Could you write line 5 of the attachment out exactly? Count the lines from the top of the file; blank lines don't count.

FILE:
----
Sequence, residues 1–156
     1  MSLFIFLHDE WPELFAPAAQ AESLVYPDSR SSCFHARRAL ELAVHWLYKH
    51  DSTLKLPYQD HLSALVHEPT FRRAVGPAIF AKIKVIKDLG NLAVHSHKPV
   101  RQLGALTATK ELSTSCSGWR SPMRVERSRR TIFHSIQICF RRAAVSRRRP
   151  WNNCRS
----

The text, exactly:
   151  WNNCRS